One of the promises of big data in higher education (learning analytics) is being able to accurately identify and assist students who may not be engaging as expected. These expectations, distilled into parameters for learning analytics tools, can be determined by human teacher experts or by algorithms themselves. However, there has been little work done to compare the power of knowledge models acquired from teachers and from algorithms. In the context of an open source learning analytics tool, the Moodle Engagement Analytics Plugin, we examined the ability of teacher-derived models to accurately predict student engagement and performance, compared to models derived from algorithms, as well as hybrid models. Our preliminary findings, reported here, provided evidence for the fallibility and strength of teacher-and algorithm-derived models, respectively, and highlighted the benefits of a hybrid approach to model-and knowledge-generation for learning analytics. A human in the loop solution is therefore suggested as a possible optimal approach.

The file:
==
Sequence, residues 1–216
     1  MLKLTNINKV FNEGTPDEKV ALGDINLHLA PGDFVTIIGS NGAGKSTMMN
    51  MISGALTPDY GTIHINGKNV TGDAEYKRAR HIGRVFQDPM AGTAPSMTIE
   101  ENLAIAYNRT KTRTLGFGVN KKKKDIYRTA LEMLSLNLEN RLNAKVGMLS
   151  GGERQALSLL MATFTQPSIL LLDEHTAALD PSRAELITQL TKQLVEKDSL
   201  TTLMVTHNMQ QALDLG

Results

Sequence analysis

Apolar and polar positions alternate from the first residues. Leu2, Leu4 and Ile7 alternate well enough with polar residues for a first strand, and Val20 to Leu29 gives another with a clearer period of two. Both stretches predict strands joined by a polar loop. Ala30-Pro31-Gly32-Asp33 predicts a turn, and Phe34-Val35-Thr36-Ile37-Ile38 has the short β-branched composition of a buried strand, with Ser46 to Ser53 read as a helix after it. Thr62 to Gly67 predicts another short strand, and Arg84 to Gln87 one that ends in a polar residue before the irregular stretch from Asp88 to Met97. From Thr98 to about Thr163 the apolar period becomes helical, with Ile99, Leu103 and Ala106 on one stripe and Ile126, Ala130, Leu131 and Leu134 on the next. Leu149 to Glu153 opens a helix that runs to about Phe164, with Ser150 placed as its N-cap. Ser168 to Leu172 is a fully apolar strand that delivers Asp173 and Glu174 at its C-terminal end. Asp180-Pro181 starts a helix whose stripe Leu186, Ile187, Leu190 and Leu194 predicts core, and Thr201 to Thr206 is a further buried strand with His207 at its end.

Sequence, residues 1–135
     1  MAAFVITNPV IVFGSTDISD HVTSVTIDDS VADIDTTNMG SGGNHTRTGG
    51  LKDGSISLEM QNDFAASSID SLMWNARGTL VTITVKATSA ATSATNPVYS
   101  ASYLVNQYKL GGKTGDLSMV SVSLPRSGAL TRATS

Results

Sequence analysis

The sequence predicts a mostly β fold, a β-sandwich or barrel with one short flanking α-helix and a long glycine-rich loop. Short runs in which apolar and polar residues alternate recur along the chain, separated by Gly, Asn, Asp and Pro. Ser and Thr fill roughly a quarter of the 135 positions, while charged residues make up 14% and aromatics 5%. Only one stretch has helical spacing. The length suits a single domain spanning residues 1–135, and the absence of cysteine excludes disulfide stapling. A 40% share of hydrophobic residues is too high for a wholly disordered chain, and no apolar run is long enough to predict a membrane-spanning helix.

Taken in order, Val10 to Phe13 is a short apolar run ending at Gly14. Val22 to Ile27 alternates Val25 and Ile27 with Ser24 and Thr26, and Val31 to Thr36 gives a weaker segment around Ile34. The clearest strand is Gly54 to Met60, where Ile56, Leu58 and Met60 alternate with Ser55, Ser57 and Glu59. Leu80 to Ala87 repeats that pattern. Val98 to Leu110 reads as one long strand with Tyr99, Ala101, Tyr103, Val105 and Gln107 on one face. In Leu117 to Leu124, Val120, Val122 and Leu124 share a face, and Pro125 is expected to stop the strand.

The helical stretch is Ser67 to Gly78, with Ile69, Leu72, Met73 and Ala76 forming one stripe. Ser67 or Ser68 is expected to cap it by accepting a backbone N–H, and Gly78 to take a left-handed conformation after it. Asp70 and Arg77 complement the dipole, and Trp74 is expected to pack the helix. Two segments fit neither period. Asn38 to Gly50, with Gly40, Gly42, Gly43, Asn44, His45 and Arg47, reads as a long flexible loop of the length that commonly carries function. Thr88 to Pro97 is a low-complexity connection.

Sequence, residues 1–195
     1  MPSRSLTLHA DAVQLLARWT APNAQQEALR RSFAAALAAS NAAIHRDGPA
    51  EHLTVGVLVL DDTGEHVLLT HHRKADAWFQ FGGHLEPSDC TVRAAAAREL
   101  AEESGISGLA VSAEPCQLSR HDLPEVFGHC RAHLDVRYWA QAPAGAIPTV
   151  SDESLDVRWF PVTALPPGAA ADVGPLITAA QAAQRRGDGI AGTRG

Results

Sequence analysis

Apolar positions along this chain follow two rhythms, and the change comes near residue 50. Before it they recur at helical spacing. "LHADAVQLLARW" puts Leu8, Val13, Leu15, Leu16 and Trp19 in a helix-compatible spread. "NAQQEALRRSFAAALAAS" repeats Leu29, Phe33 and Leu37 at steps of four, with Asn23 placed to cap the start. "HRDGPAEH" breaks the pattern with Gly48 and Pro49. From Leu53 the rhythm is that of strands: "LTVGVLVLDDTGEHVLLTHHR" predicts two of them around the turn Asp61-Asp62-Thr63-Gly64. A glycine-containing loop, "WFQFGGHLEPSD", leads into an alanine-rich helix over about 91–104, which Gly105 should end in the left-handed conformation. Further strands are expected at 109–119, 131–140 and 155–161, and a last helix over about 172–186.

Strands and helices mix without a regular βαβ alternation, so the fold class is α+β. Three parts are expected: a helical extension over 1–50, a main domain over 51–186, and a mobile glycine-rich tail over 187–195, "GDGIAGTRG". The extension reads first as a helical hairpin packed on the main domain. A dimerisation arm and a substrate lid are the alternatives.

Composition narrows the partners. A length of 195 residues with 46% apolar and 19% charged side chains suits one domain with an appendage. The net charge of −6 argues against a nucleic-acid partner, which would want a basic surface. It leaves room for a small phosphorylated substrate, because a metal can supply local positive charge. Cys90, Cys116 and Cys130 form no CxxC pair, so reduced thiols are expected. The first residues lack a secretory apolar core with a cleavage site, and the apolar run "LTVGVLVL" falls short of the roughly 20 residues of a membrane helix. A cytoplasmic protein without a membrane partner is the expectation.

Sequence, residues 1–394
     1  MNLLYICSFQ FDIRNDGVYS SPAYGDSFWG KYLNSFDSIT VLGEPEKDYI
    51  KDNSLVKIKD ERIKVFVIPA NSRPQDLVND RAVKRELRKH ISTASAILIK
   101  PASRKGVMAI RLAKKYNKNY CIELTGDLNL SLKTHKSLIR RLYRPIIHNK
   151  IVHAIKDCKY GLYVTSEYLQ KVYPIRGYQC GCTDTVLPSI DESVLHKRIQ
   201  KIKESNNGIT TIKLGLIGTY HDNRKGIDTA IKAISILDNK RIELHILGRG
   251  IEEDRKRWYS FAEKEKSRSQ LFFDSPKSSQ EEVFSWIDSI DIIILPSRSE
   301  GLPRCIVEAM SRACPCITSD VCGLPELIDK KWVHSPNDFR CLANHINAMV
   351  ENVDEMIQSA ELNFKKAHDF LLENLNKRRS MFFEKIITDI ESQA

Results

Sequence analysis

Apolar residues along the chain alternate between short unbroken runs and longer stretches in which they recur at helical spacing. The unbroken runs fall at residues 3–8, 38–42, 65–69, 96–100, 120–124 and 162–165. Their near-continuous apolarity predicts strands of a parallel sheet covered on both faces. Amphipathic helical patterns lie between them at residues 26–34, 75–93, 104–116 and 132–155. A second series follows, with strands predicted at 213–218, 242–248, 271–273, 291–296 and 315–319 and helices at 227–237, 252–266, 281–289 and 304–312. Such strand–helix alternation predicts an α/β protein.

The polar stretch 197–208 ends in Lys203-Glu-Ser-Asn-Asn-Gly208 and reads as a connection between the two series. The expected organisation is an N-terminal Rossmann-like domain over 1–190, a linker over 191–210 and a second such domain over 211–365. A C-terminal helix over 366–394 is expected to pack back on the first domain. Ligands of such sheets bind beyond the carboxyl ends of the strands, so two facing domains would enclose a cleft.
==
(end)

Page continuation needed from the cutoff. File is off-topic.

Liu, D. Y. T., Richards, D., Dawson, P., Froissard, J. C., & Atif, A. (2016). Knowledge acquisition for learning analytics: Comparing teacher-derived, algorithm-derived, and hybrid models in the moodle engagement analytics plugin. In Lecture Notes in Computer Science (including subseries Lecture Notes in Artificial Intelligence and Lecture Notes in Bioinformatics) (Vol. 9806 LNCS, pp. 183–197). Springer Verlag. https://doi.org/10.1007/978-3-319-42706-5_14